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15 July, 2019

#BookReview :: The Antagonists by Tina Biswas



I am one of you . . . that is why I, and only I, can be trusted to do what is good for you.

January 12, 2013. Sachin Lohia, billionaire businessman, has just woken up to a nightmare. A raging fire in his hospital. Over hundred people dead. Journalists demanding answers. And worst of all, the chief minister of West Bengal, the formidable Devi, calling him a murderer. Hot-headed and stubborn, Devi doesn t bother with formalities or facts. Her people are baying for blood, and Sachin is the perfect scapegoat. But will her schemes bring about his downfall or will she be the one to get hurt in this battle of wits? Seamlessly melding the personal and the political, this is a darkly satirical story of clashing egos, fatal misunderstandings, and dangerous self-deception. Irreverent, incisive, occasionally scabrous, and always bold, The Antagonists shines a light on the murky world of politics.





When a fire breaks out at a hospital and results in loss of life, tongues start waggling and the blame game begins. Devi, the chief minister of the state, points her finger at Sachin Lohia – a billionaire businessman. The clash between the Chief Minister and Sachin Lohia doesn’t stop there as Devi is against the mining project that The Lohia Group is invested in. In this battle of wits and politics between two strong personalities, who will remain standing in the end?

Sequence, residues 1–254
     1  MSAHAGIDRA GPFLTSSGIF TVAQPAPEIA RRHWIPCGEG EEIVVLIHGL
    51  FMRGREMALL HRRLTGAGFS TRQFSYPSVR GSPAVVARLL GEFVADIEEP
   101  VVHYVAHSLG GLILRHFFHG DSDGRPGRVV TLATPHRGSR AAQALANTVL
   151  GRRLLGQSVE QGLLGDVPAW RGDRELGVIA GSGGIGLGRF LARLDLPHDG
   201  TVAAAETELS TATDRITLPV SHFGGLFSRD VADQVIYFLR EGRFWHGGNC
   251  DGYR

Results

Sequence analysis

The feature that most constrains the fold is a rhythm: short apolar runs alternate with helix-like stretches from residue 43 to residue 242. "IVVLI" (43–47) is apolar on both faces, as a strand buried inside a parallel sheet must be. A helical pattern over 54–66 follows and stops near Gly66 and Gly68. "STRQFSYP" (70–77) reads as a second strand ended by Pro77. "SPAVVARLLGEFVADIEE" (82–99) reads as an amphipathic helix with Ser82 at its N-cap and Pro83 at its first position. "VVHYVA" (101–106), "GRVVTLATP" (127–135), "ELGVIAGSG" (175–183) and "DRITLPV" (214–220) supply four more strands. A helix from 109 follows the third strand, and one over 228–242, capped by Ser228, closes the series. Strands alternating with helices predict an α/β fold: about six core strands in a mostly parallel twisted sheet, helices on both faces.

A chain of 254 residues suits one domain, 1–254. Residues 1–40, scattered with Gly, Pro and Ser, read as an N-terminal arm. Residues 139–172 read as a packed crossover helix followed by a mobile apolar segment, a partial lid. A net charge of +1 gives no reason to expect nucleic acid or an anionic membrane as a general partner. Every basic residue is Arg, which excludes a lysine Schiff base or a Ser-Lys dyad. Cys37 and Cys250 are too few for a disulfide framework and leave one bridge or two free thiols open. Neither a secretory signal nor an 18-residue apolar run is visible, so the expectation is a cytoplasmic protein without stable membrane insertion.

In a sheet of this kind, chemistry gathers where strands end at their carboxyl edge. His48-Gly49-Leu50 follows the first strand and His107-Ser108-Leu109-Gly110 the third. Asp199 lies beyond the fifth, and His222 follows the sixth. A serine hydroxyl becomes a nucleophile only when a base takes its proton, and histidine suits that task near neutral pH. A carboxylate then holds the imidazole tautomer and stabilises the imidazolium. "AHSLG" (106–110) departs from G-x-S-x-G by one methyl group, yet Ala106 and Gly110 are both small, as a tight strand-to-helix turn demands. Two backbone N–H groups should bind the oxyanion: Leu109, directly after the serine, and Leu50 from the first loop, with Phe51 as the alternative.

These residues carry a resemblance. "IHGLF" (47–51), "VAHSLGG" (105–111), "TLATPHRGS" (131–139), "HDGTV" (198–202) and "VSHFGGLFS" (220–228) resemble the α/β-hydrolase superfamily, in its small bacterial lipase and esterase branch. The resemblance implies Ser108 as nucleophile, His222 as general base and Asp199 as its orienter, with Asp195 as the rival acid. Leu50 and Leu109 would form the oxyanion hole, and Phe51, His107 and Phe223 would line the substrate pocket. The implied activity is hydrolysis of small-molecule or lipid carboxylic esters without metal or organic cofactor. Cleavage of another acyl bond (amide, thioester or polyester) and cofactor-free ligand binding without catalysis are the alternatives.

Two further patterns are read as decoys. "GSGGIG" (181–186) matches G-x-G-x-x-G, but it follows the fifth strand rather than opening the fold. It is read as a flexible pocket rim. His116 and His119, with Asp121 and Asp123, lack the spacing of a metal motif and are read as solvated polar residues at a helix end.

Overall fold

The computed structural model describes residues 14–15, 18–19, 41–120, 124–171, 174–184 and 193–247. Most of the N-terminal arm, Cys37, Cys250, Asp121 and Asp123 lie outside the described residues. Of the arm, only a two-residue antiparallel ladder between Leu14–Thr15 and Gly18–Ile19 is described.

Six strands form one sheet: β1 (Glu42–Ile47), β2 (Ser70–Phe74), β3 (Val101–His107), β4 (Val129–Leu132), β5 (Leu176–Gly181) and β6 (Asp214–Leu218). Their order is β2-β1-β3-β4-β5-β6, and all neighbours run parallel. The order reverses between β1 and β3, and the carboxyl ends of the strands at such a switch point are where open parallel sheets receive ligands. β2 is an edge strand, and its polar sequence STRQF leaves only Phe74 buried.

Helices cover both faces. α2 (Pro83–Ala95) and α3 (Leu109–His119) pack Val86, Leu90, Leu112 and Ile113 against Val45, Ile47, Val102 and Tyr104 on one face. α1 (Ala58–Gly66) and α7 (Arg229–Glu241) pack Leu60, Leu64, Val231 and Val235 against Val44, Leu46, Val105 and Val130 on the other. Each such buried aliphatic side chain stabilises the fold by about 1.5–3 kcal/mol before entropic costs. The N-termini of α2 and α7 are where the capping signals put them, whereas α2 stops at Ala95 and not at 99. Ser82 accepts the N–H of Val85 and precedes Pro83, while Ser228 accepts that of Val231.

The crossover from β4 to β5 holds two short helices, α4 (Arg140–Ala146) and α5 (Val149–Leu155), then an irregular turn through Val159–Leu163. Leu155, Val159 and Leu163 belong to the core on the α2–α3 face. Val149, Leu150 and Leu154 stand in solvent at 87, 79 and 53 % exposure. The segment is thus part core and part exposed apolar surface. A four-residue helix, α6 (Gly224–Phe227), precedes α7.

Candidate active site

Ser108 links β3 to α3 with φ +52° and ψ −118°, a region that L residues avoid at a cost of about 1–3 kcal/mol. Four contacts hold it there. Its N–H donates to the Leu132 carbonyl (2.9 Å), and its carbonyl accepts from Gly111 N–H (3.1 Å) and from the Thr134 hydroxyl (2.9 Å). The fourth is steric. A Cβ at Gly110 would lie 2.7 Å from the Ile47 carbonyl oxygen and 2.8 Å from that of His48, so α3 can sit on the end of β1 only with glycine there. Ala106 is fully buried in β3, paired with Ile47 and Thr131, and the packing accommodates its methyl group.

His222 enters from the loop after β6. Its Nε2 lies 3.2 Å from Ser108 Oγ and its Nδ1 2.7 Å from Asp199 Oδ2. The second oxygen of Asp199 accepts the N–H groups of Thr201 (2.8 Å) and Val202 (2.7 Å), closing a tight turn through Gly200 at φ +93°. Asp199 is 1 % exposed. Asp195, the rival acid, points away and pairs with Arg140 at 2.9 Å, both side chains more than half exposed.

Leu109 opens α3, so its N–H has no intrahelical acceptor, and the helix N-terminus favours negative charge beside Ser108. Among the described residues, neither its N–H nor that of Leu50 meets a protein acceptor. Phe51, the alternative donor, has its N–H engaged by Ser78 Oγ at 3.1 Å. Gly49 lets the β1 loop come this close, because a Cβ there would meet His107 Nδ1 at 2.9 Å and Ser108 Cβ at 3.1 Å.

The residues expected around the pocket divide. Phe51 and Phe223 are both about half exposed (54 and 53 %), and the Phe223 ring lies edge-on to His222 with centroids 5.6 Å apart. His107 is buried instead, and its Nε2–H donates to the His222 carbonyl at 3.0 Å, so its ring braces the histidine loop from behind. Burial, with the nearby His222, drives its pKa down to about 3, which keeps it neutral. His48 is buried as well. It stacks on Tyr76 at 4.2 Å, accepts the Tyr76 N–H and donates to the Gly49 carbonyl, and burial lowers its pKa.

While what I referred to as the ‘clash of the titans’  is the main focus of the story and Sachin and Devi both don the hats of the protagonist and the antagonist from time to time, the story also has three other characters that helped shape up the plot. Dr. Anima Acharya, a neurosurgeon dealing with personal issues, is placed right at Balachuria where the mining project is located. We have Anil Thakur, Sachin’s right hand man, who is an opportunistic man ready to milk any situation to his advantage. Then there is Devi’s secretary who is more often than not used as a tool to infuse humour into the story. When put together, the cast brings in a varied set of personalities that provide the readers with enough enjoyment. The characters are well-developed and interestingly portrayed. The plot in itself is not very complex and will probably disappoint you if you come in with the expectations of a few gripping twists. But it has enough mettle to keep you hooked. There’s a bit of satirical tone in the book that I thoroughly enjoyed.

At 400 odd pages, the book can take a while for any reader to get through. I feel that there were moments were the story was dragging a bit and could have done with tighter narrative. Other than that this is a refreshing tale that would satisfy readers who prefer their reading material have a touch of reality in them.


Review Copy received from Fingerprint Publishing




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